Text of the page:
As a “Salad Bar” Christian myself, I usually pass on the salad and go straight for the strong meat. (Heb. 5:12 GenevaBible)
Avakian deviates from his tactic of misinterpreting obscure Scripture verses such as 2 Samuel to attack God and Christianity directly using Darwin’s theory of evolution and the scientific method. Avakian repeats all the typical progressive talking points used to defend evolution such as, “evolution has for some time been a settled question.”8 Evolution is a settled question like the Big Bang theory is a settled question. Like it or not, organic evolution like the Big Bang theory are examples of historical science, not operational science.9
In his book, Away with All Gods! Avakian bases a significant portion of his objections to the Bible by presenting the viewpoints of Bart D. Ehrman, Chairman of the Religious Studies Department at the University of North Carolina at Chapel Hill.10 Avakian is quick to point out Ehrman’s authoritative credentials since Ehrman is himself a former evangelical fundamentalist.11
Ehrman zeroes in on many accusations and criticisms of the Bible but I’ve decided not to address each of those criticisms and accusations individually, but instead, I’ve provided excerpts from Tom V. Taylor’s class handouts from a Bible history course I took at Biblical Theological Seminary in 1991. The following excerpts provide answers, either directly or in some cases indirectly, for many of the questions people have concerning our English Bible.
None of the original manuscripts survive and if they did men would worship them instead of the Lord. We feel the Lord has been pleased to give us very good copies…it is a technical study, but very good copies.
The work of translation is hard work because no two languages have identical vocabularies…and few even have identical alphabets…In addition many languages did not have some of the word ideas that are in the Bible (like redemption) and translators had to assess what speech idiom in a language would make this meaningful to the people of that place.
(Note: we do not change the Bible we change the translation of it…the rendering of it…to meet new concepts and societies.)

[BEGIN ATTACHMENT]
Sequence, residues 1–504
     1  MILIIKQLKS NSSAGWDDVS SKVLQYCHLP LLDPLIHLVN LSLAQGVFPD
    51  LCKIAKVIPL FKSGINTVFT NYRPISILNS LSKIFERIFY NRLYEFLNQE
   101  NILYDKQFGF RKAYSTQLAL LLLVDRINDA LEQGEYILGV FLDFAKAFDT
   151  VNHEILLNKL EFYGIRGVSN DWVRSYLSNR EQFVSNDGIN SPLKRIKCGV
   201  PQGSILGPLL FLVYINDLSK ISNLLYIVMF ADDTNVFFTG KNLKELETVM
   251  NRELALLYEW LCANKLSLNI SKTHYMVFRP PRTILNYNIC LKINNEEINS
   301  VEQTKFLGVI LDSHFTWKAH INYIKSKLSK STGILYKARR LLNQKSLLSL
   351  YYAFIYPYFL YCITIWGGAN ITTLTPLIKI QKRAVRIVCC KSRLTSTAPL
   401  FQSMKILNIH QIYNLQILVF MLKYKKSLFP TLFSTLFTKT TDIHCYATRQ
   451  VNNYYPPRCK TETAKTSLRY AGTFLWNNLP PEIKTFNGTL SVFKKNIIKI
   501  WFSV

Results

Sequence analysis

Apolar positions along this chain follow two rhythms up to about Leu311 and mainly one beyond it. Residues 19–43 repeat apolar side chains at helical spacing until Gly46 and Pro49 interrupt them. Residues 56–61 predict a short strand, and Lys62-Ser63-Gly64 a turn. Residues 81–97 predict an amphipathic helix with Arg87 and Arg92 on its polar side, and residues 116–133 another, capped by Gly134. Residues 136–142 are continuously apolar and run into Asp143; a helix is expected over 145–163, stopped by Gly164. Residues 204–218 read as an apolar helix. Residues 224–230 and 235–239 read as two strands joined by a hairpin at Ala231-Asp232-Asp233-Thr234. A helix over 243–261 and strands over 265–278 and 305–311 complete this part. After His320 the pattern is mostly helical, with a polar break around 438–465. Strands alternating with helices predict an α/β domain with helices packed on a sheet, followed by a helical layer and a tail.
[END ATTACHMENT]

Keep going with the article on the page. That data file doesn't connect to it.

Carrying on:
That is the beauty of the Bible. God gave us a book of truth that retains its character and meaning for life in spite of the many translations…these helping to make the biblical message relevant and meaningful from age to age.
The Word of God is the inscripturated message, not the individual translation. We may apply the term to any translation in a general sense because it contains the inscripturated message but if someone says well…’Did God actually write these words?’ the answer is ‘No, these are the words into which the God breathed message has been put by men for the people of their language and culture.’ They should be careful, of course, but they were not working under inspiration (technical inspiration of 2 Timothy 3:16) and are simply doing the best they can to serve God and His people.
It is also true that some heretics have translated the Bible and changed its basic thrust at some points to support their teachings. Naturally we are not going to endorse any such works but it is surprising that even in some of these books the inscripturated message of salvation and grace can still be seen.
The bottom line is that only the original manuscripts were “inspired” or God breathed. But what about “inerrancy,” i.e., nothing contrary to fact and “infallibility,” i.e., incapable of teaching error. If there are any errors in a Bible translation, they are due to “translation or an insufficient current body of knowledge,”12 as Taylor’s class handouts have implied. And according to the Ligonier Ministries’ website, “We can have inerrancy without infallibility, but we cannot have infallibility without inerrancy.”13
Practically speaking, whether or not our current Bible translations are infallible or incapable of teaching error, is dependent on whether or not the translators were working from an agenda. That is, if the translators were faithful to the best available manuscripts then the results of their efforts would be infallible but still not technically inerrant, again, as Taylor seems to imply from his class handouts. Nevertheless, “through the process of textual criticism, we can recover the original wording of the manuscripts with a high degree of certainty.”14
Slavery was abolished in the United States on December 18, 1865, but if you listen to Avakian you would think that slavery is still being practiced in America and that God, the Bible, and Christianity are responsible. Contrary to the nonsense that Avakian is peddling, nowhere in the Bible is slavery encouraged or promoted. The Bible references slavery because the practice was widespread during the times in which the books of the Bible were written. As a matter of fact, the Bible gives strict guidance on how masters were to treat their slaves and how slaves where to behave towards their masters. Slaves were not without rights in the Scripture as revealed in the following verses: Exod. 21:2, 21:20, 21:27, 23:12; Deut. 23:15-16; and Prov. 30:10.